Home >> Z-old categories >> Useful News >> City of SF v. Black Landlord Anne Kihagi is A Modern David vs Goliath, but David’s Hands Are Tied to Steal Millions of Dollars

City of SF v. Black Landlord Anne Kihagi is A Modern David vs Goliath, but David’s Hands Are Tied to Steal Millions of Dollars

The City of San Francisco’s case against black landlord Anne Kihagi has been emblematic of the City’s anti-landlord mentality – in fact, it’s served as an intense political scare tactic for every landlord in San Francisco.

Ms. Kihagi started buying buildings in San Francisco in 2013. She acquired buildings in great neighborhoods, and by the end of 2014, she had purchased five buildings, which is a feat in and of itself. It’s also worth noting that San Francisco has not seen many successful black landlords since the heyday of the Filmore, which was destroyed by the City along with other black-owned businesses that had thrived there for years.

By now, it’s been widely publicized that, through this suit, the City of San Francisco was able to take millions from this immigrant woman. Beyond the financial wreckage, they also made a point of sabotaging Ms. Kihagi’s public image, labeling her as a poorly kept black owner, a slumlord. This was nowhere near the truth – but Judge Angela Bradstreet and the City of San Francisco were doing anything and everything to send her packing out of the city.

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The strategy was clear: silence and overwhelm. To silence her, Judge Bradstreet’s first decisions was to prohibit Ms. Kihagi from testifying in her own trial. This is not to be taken lightly, as it is totally stripping her of her constitutional right.

Overwhelming was easy. The City had multiple attorneys working on the case, in addition to a team of interns. At one hearing, the City brought five attorneys, as compared to Ms. Kihagi’s representation, a lone Vietnamese attorney. Two immigrants facing the mighty City – a modern David and Goliath, except David’s slingshot was nowhere to be found.

The biggest – and most effective – tactic the City used to incapacitate the defense was by petitioning to advance the trial date, thereby significantly cutting their preparation time.

Why? After their motion to immediately end the case was denied, the City sought to maintain a sense of theatrics by bumping up the trial date by several months, asserting that Ms. Kihagi’s management was endangering tenants and the buildings, though the City’s lack of proof was the reason their original motion had been dismissed.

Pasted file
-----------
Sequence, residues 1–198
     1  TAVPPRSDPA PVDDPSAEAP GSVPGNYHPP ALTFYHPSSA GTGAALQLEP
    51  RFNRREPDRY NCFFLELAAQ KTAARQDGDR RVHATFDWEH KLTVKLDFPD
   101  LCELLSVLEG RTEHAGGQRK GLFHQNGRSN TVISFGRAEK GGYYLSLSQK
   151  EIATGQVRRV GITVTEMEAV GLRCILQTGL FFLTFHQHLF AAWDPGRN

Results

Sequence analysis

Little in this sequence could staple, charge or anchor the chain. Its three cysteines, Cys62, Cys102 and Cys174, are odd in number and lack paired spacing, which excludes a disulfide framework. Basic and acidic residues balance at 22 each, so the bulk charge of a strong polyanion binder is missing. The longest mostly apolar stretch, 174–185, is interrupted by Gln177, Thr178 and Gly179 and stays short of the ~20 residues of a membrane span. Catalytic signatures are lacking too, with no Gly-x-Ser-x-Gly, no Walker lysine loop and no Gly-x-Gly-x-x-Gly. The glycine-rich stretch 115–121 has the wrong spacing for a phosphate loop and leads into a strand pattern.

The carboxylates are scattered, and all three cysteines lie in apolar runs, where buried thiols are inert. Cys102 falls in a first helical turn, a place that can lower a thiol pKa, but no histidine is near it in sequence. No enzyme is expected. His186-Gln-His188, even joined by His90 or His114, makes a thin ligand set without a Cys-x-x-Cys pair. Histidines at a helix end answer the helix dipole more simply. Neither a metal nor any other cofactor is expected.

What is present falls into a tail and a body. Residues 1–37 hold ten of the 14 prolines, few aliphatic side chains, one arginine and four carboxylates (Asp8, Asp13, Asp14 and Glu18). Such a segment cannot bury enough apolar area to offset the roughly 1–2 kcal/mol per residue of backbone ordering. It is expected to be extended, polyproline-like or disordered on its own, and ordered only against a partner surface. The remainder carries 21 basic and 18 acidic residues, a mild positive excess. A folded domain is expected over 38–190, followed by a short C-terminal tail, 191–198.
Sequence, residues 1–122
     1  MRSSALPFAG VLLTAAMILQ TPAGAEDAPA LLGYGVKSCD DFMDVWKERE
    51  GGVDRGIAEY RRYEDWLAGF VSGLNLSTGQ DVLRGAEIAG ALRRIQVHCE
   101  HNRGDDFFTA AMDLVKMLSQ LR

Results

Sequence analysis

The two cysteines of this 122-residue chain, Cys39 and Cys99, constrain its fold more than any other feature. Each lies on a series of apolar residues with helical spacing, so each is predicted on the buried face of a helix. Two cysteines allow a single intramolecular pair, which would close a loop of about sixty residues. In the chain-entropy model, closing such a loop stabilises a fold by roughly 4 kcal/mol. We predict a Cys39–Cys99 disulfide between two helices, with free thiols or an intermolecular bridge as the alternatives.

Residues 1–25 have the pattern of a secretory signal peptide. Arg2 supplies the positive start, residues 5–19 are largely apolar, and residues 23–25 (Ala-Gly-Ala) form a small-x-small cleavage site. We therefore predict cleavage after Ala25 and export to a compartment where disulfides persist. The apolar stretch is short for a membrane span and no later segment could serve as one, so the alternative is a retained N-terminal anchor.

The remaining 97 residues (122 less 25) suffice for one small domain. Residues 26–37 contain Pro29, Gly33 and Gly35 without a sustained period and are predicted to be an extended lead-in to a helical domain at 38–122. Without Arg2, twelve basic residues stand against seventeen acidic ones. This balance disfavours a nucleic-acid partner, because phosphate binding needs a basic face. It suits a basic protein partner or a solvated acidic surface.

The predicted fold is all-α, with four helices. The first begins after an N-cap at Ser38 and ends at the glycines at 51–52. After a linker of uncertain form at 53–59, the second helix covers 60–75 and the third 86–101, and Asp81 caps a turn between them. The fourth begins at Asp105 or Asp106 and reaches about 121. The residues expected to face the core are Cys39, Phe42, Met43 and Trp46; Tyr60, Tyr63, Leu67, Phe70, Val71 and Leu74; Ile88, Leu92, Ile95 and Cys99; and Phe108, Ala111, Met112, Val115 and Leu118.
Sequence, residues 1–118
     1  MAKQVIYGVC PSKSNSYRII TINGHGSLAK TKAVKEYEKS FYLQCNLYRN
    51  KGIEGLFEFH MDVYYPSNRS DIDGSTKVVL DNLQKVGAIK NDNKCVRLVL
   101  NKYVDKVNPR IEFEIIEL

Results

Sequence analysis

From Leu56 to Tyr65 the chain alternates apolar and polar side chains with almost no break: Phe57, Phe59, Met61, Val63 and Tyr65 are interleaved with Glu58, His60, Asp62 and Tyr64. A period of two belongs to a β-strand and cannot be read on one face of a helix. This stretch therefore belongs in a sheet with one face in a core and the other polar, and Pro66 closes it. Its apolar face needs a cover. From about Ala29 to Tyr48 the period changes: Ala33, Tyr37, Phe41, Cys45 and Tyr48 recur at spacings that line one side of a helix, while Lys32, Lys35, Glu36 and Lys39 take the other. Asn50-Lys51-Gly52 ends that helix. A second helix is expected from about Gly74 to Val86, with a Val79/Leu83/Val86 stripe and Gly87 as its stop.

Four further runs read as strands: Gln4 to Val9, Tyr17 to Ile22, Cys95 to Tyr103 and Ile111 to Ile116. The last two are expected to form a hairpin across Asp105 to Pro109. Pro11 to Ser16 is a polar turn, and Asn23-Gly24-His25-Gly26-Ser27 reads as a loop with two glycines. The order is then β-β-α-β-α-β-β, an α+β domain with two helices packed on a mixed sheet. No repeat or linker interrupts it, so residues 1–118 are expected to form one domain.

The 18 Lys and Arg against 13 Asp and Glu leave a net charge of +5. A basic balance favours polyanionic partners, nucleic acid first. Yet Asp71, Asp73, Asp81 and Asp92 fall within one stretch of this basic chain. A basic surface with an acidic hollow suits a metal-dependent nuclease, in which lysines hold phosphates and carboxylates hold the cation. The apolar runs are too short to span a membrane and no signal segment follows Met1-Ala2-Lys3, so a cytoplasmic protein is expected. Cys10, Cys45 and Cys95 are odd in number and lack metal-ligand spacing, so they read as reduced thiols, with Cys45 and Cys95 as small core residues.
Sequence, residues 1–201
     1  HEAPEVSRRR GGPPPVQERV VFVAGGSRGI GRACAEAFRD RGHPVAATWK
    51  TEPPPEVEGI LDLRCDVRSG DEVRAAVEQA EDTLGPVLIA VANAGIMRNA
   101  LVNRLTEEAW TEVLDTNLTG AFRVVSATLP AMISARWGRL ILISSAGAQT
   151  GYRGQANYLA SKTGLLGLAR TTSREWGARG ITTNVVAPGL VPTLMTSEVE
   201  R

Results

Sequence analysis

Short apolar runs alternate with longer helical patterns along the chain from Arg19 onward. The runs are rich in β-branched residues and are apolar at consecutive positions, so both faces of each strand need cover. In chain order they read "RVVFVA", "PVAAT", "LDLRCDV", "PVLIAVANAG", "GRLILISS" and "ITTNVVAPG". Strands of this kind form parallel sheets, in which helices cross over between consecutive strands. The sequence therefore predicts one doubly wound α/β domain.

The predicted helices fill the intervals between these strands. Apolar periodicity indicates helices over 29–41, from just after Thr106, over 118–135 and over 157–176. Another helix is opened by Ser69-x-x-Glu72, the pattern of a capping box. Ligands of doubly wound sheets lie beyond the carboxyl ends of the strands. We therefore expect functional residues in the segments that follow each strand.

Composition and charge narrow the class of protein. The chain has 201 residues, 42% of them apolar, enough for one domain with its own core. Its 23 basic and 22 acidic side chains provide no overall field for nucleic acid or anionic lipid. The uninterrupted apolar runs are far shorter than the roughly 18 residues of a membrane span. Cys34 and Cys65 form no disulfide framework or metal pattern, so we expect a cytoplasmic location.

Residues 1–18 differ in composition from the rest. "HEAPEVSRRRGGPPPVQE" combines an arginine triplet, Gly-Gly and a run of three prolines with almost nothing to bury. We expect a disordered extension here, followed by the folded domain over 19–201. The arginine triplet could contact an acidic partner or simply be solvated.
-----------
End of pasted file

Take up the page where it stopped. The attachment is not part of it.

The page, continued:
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Several judges, as well as a case management referee, recognized the massively skewed benefits that advancing the trial date would give the City. Still, the court approved a sooner trial date, quickly robbing Ms. Kihagi’s team of six months of preparation time.

But their own groundwork was not the defense’s only concern – one referee noted that he “did not think it was possible for all the discovery to be completed within the time frame,” referencing the tens of thousands of pages of paperwork that the City had heaped onto the defense to complete. That’s why he, as well as several judges, recommended that the court extend the trial date, but the new judge – Judge Bradstreet – was not interested in logic or equal opportunity.

The compressed preparation and discovery time – and Ms. Kihagi’s small team’s inability to complete the thousands of requests within the abbreviated time frame – underscored and prejudiced the entire trial. Judge Bradstreet and the City’s attorneys continually referenced the defense’s lack of complete response in the discovery phase, labeling Ms. Kihagi and her counsel as uncooperative. This unfair portrayal naturally soured the court against the defense for the remainder of the trial.

The Court of Appeal also ignored the fact that the courts had given a huge advantage to the City by slashing Ms. Kihagi’s trial time; they only reiterated that the defense’s attorneys could not respond in time, despite the fact that the City had done exactly what they complained Kihagi’s attorney did in regard to discovery.

The Court of Appeal does not disturb the lower courts rulings if there’s any possibility that it had a remote basis. In this case, they refused to change the ruling and resend the case for more time, despite more than three judges’ and two discovery referees’ expert recommendations.

In the Bible, David triumphed over Goliath; but in San Francisco, Goliath always wins.

For more information on Anna Kihagi and West 18 Properties, visit             http://annekihagisf.com/

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